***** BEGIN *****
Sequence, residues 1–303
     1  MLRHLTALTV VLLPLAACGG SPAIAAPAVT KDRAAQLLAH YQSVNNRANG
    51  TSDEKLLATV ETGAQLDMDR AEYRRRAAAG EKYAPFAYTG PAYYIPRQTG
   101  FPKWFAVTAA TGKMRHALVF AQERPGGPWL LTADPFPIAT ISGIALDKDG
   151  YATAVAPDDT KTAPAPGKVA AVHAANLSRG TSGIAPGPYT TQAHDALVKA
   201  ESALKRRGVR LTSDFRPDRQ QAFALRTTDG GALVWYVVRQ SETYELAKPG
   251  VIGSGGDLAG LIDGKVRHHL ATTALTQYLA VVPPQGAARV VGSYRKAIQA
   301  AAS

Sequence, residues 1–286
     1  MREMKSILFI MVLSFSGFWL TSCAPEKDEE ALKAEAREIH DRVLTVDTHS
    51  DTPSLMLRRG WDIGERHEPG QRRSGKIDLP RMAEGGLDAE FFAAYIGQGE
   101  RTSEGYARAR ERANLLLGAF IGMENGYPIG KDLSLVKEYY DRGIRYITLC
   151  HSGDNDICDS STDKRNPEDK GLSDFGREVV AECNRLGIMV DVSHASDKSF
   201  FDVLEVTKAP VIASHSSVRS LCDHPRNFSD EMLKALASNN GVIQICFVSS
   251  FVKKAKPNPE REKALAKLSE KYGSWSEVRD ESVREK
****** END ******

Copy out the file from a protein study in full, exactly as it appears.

Sequence, residues 1–303
     1  MLRHLTALTV VLLPLAACGG SPAIAAPAVT KDRAAQLLAH YQSVNNRANG
    51  TSDEKLLATV ETGAQLDMDR AEYRRRAAAG EKYAPFAYTG PAYYIPRQTG
   101  FPKWFAVTAA TGKMRHALVF AQERPGGPWL LTADPFPIAT ISGIALDKDG
   151  YATAVAPDDT KTAPAPGKVA AVHAANLSRG TSGIAPGPYT TQAHDALVKA
   201  ESALKRRGVR LTSDFRPDRQ QAFALRTTDG GALVWYVVRQ SETYELAKPG
   251  VIGSGGDLAG LIDGKVRHHL ATTALTQYLA VVPPQGAARV VGSYRKAIQA
   301  AAS

Sequence, residues 1–286
     1  MREMKSILFI MVLSFSGFWL TSCAPEKDEE ALKAEAREIH DRVLTVDTHS
    51  DTPSLMLRRG WDIGERHEPG QRRSGKIDLP RMAEGGLDAE FFAAYIGQGE
   101  RTSEGYARAR ERANLLLGAF IGMENGYPIG KDLSLVKEYY DRGIRYITLC
   151  HSGDNDICDS STDKRNPEDK GLSDFGREVV AECNRLGIMV DVSHASDKSF
   201  FDVLEVTKAP VIASHSSVRS LCDHPRNFSD EMLKALASNN GVIQICFVSS
   251  FVKKAKPNPE REKALAKLSE KYGSWSEVRD ESVREK